|Switch determiner||todos los miembros recibirán||cada miembro recibirá||"each member will receive" instead of "all of the members will receive".|
|Impersonal passive voice||Los jueces decidirán||Se decidirá judicialmente||"It will be decided judicially" instead of "The judges will decide"|
|Drop subject||Si el usuario decide abandonar la zona antes de lo estipulado, debe advertirlo.||Si decide abandonar la zona antes de lo estipulado, debe advertirlo||literally "If it is decided to leave the zone before the stipulated time, notice should be given"|
|Impersonal verb||Es necesario que el usuario preste más atención||Es necesario prestar más atención||literally "it is necessary to pay more attention"|
In recent decades, the most popular of gender neutral reform proposals have been splitting and the use of collective nouns, because neither deviate from Spanish grammar rules. They don't sound awkward in speech, so they are more widely accepted and used than the other examples listed above.
Some Spanish-speaking people advocate for the use of elle/elles. Its former use is similar to Spanish lo (alive in Portuguese) and ello, which cannot be used for objects, non-human living beings or people, as there are no neuter nouns or descriptive adjectives in Ibero-Romance languages. Despite this, some still employ this pronoun in a gender-neutral personal third pronoun fashion, even if not allowed according to the historical use and etymology of the now-defunct word (in the spirit of a revival of the neuter form in early Romance that died off in most Romance languages).
Replacing -a and -o
There are several proposed word endings that combine the masculine -o and the feminine -a.
Many people prefer use of the slash (/), as in: el/la candidato/a.
|@||at-sign, U+0040||||l@s niñ@s|
|Ⓐ||anarchist circled A U+24B6||||lⒶs niñⒶs||especially in radical political writing: ¡CompañerⒶs!|
|x||||lxs niñxs||The ending -x is often used to be inclusive of non-binary genders when talking about mixed gender groups, particularly in the context of activist efforts: Latinx, Chicanx, etc.|
The use of -e instead of the gender-informing suffix (when masculinity is not implied by the use of the -e suffix itself)
Opponents of the use of the -a/-o combination '@' as a letter in these languages feel that the character is a kind of political correctness. Many also raise the question of how these new words are to be pronounced. Proposals exist, though, such as those made by PCIG.
However, some Spanish speakers are concerned that this proposal is unlikely to be adopted, since the Spanish language does not distinguish /ɔ/ and /ɛ/ from /o/ and /e/ respectively, and most of its speakers would therefore not even notice a difference in pronunciation.
The Diccionario panhispánico de dudas, published by the Real Academia Española, says that the at-sign is not a linguistic sign, and should not be used from a normative point of view.
The phoneme /ɔ/ is between the [a ~ ə] characteristic of feminine nouns and the [o ~ ʊ ~ u] characteristic of masculine nouns in the scale of vowel height, which can be characterized symbolic of gender inclusion. Analogously, the "gender-inclusive" /ɛ/ is intermediate step between the "feminine" /a ~ ɐ/ and the "masculine" [e ~ ɪ ~ i ~ ɨ].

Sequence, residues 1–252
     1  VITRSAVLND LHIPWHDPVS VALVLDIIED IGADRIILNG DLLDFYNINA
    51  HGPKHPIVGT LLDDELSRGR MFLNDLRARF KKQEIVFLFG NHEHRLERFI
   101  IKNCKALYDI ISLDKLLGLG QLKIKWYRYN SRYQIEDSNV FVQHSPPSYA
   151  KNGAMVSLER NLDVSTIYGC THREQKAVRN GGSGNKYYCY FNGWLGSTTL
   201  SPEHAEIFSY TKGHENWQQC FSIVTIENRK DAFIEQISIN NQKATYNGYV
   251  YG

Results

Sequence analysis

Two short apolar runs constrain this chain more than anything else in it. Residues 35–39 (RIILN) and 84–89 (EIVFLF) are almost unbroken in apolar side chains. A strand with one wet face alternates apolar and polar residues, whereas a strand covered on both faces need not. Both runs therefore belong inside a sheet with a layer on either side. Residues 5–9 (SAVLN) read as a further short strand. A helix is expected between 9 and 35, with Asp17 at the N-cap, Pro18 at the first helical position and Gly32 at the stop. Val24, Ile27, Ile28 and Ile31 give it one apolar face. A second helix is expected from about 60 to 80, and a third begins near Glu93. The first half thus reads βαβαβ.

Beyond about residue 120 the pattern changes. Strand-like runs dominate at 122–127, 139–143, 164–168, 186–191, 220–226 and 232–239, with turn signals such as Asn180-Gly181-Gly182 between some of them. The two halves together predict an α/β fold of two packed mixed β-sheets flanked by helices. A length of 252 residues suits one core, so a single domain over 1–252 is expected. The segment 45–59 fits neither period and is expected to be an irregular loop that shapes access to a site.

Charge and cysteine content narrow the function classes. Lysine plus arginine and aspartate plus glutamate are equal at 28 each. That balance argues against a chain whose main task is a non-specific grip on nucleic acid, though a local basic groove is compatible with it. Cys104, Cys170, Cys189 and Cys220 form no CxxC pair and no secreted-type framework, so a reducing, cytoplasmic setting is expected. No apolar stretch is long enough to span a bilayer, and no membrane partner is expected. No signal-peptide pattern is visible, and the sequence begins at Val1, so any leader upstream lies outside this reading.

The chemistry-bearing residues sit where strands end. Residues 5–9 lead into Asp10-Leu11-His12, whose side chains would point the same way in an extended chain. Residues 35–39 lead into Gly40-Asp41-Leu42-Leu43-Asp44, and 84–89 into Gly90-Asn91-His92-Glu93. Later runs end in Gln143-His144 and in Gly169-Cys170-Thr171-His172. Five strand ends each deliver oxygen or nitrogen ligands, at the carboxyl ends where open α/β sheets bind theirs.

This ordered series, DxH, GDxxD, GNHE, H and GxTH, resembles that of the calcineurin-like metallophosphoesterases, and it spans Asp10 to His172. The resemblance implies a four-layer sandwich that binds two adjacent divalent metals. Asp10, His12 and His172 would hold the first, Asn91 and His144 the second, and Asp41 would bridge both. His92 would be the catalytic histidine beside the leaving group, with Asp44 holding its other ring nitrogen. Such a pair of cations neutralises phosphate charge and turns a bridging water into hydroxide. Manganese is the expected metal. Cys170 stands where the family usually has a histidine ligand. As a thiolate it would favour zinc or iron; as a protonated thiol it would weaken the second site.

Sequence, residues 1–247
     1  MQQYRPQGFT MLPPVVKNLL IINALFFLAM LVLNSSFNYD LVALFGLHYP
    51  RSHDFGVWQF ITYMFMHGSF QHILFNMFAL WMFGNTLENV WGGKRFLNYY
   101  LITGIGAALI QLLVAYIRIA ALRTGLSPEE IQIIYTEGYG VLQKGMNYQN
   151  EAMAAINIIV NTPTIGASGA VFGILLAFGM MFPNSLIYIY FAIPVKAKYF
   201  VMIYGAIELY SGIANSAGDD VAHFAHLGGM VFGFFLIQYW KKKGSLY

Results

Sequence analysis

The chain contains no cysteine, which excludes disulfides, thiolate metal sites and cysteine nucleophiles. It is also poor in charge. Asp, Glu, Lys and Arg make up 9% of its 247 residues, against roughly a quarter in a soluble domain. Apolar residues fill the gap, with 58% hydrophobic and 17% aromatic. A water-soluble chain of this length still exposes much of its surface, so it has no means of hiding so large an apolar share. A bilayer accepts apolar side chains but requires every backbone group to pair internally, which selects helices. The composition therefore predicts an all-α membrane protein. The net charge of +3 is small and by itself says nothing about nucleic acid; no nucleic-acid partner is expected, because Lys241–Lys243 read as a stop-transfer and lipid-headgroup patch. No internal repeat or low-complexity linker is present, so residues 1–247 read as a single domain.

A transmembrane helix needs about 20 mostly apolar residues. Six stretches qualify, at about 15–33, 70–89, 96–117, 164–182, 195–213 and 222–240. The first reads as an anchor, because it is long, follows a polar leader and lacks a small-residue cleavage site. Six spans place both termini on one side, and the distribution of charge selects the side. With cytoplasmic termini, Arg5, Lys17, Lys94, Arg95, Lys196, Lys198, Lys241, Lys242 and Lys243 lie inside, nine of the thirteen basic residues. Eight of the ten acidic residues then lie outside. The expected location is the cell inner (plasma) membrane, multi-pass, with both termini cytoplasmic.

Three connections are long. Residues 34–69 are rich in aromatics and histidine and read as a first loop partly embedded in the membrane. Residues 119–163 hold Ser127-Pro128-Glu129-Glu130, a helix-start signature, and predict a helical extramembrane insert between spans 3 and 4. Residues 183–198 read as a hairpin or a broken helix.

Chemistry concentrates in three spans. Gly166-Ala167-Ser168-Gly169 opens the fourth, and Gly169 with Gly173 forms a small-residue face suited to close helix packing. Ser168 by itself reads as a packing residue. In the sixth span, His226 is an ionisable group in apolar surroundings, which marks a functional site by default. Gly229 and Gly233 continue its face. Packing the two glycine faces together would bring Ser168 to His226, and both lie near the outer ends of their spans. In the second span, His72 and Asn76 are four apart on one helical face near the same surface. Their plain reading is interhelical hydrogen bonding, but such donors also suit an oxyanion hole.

Some politicians have begun to avoid perceived sexism in their speeches; the Mexican president Vicente Fox Quesada, for example, commonly repeated gendered nouns in their masculine and feminine versions (ciudadanos y ciudadanas). This way of speaking is subject to parodies where new words with the opposite ending are created for the sole purpose of contrasting with the gendered word traditionally used for the common case (like felizas and especialistos in felices y felizas or las y los especialistas y especialistos).
There remain a few cases where the appropriate gender is uncertain:
- Presidenta used to be "the president's wife", but there have been several female presidents in Latin American republics, and in modern usage the word generally means a female president. Some feel that presidente can be treated as invariable, as it ends in -ente, but others prefer to use a different feminine form. The usage is inconsistent: clienta is often used for female customers, but *cantanta is never used for female singers.
- El policía (the policeman). Since la policía means "the police force", the only productive feminine counterpart is la mujer policía (the police woman). A similar case is música (meaning both "music" and "female musician").
- Juez ("male judge"). Many judges in Spanish-speaking countries are women. Since the ending of juez is uncommon in Spanish, some prefer being called la juez while others have created the neologism jueza. 
- Schmidt, Samantha (December 5, 2019). "A Language for All". Washington Post.
- Miño, Rodrigo (June 6, 2018). ""Hombre Público" vs "Mujer pública": Polémica Genera Diferencia de Significado en la RAE". Meganoticias.
- Sczesny, Sabine; Formanowicz, Magda; Moser, Franziska (February 2, 2016). "Can Gender-Fair Language Reduce Gender Stereotyping and Discrimination?". Frontiers in Psychology – via Gale.
- Sáinz, Milagros; Meneses, Julio; López, Beatriz-Soledad; Fàbregues, Sergi (2016-02-01). "Gender Stereotypes and Attitudes Towards Information and Communication Technology Professionals in a Sample of Spanish Secondary Students". Sex Roles. 74 (3): 154–168. doi:10.1007/s11199-014-0424-2. ISSN 1573-2762.
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- Miniguide for the linguistic guerrillerx – Revista Geni (in Portuguese)
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- "El juez/ la jueza". SpanishDict.